Ennis is a bustling and picturesque western town in the heart of the Madison Valley, east of the Tobacco Root Mountains and 13 miles from historic Virginia City. Primarily a hunting and ﬁshing center, Ennis three blocks of downtown businesses boast Old West-style facades.
Ennis, like most of the towns in this area, was spawned from the discovery of gold in the area. Within months after gold was discovered at Alder Gulch, William Ennis homesteaded the site along with the Madison that is now the town of Ennis. A Mr. Jeffers homesteaded the site across the river. Ranchers, farmers, and businesses soon ﬂocked to the area. By the late 1880s, there were three major stage lines servicing the community. The tall grass and favorable climate created an excellent environment to raise horses, cattle, and sheep. Chief White Clouds tribe of Bannack Indians was friendly to the settlers and whites and Indians existed in harmony. Today this small town of 1,000 is known for its Black Angus and prize Herefords. Timber is harvested from the surrounding forests, and gold mining is making a comeback in the area. But nationally, Ennis is known as a staging area for some of the ﬁnest ﬂy-ﬁshing in the world on the blue ribbon Madison River. Another of Ennis's assets, The Ennis National Fish Hatchery, is located only twelve miles south of Ennis.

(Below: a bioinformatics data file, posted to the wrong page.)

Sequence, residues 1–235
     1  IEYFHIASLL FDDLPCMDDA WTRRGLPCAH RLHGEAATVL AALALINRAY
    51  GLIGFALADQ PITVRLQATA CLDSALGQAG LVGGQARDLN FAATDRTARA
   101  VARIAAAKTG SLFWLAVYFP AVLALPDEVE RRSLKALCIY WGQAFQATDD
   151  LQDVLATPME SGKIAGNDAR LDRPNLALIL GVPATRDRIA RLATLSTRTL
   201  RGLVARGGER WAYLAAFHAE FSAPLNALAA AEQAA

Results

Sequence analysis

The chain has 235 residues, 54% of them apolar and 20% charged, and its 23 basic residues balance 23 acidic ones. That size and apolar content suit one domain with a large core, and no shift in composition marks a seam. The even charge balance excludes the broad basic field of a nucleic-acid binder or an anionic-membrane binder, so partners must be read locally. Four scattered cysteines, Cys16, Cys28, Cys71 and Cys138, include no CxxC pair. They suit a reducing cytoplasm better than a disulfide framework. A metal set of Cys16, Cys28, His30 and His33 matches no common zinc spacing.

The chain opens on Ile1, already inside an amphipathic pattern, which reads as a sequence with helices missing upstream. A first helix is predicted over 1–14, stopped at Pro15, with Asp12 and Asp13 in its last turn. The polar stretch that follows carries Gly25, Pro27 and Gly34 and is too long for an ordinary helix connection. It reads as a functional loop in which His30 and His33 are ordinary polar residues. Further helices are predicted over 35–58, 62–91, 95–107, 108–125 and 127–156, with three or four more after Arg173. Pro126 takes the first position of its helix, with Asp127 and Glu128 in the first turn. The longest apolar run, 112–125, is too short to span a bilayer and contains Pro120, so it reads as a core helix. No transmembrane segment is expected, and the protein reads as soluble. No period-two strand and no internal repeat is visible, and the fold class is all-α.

Nowhere is the love affair with livestock more apparent than in Ennis during Rodeo Weekend. This small town swells with excitement as people from all over come to celebrate one of Montana's most popular Fourth of July rodeos.
Photo Gallery Bozeman Area